Friday, 28 December 2012

What happens when your quality improvement project is too long

Quality improvement projects have traditionally been 18 months long - at least that's my experience in the healthcare in the NHS in England. I expect they are that length of time because it is about the right length of time to second someone into the role of project leader. After 15 years of experience, I believe this is far too long for a QI project.

The problems with 18 month projects

  • they take 18 months... 
  • over-work the process; carry out redundant tasks to fill the time (every project leader wants to look good)
  • too much emphasis on innovation and clever solutions, that are difficult for others to adopt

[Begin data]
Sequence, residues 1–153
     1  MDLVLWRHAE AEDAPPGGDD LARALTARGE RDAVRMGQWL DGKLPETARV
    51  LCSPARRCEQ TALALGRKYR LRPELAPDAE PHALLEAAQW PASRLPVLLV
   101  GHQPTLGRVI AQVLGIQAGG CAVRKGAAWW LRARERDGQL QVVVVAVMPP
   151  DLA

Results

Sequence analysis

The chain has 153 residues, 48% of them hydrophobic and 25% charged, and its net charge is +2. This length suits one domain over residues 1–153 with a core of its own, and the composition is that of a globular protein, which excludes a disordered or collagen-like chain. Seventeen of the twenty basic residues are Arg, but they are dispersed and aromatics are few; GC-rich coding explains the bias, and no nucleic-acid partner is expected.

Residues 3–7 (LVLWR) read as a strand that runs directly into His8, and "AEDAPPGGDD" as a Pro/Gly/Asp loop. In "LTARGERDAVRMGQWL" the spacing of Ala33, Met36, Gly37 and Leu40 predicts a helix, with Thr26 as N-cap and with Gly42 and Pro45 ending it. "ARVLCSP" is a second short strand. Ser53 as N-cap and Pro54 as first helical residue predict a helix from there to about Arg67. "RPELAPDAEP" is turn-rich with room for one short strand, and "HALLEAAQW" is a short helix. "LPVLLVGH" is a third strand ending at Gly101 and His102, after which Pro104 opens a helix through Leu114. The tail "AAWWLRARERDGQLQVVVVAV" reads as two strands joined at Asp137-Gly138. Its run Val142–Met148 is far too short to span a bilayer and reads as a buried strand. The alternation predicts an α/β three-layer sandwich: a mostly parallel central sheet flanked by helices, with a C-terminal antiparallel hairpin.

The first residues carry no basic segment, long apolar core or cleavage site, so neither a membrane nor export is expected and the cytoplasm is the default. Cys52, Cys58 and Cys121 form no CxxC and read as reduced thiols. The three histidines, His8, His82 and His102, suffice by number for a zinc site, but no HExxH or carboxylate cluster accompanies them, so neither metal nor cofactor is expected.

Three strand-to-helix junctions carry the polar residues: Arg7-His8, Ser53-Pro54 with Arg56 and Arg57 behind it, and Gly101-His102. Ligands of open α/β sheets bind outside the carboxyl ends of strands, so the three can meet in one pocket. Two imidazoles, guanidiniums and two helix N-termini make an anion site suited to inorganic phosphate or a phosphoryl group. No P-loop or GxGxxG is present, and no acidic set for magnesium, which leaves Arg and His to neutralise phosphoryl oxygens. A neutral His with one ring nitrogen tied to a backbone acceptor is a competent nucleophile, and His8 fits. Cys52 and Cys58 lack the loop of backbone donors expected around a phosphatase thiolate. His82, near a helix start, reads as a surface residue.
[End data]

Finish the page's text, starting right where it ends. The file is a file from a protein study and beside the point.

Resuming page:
• difficult to maintain focus over so many months
  • many clinical staff are unwilling to commit to the project
  • the context changes  reforms, new organisations, new care methods - all come into play during the period of the project
Instead, I advocate the 90 day project. This is enough time for the average team to implement the average type of changes; and average matters. Most teams can imagine 90 days and are more likely to commit to making the effort to improve a targeted area. They will know within 90 days whether their efforts were worth it. 90 day projects need lots of planning by the project leader, though this can be done with minimal intervention with the clinical team, leaving them to spend more time with patients. They are best done with known best practices that are known to work in a similar context.

For more info on 90 day projects from this blog:

Or hang in there for my new book on 90 day projects which will be out in January 2013.

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